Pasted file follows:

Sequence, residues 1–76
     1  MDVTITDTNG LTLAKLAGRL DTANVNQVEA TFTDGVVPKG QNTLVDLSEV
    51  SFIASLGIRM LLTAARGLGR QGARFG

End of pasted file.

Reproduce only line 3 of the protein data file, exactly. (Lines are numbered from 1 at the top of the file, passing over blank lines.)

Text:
    51  SFIASLGIRM LLTAARGLGR QGARFG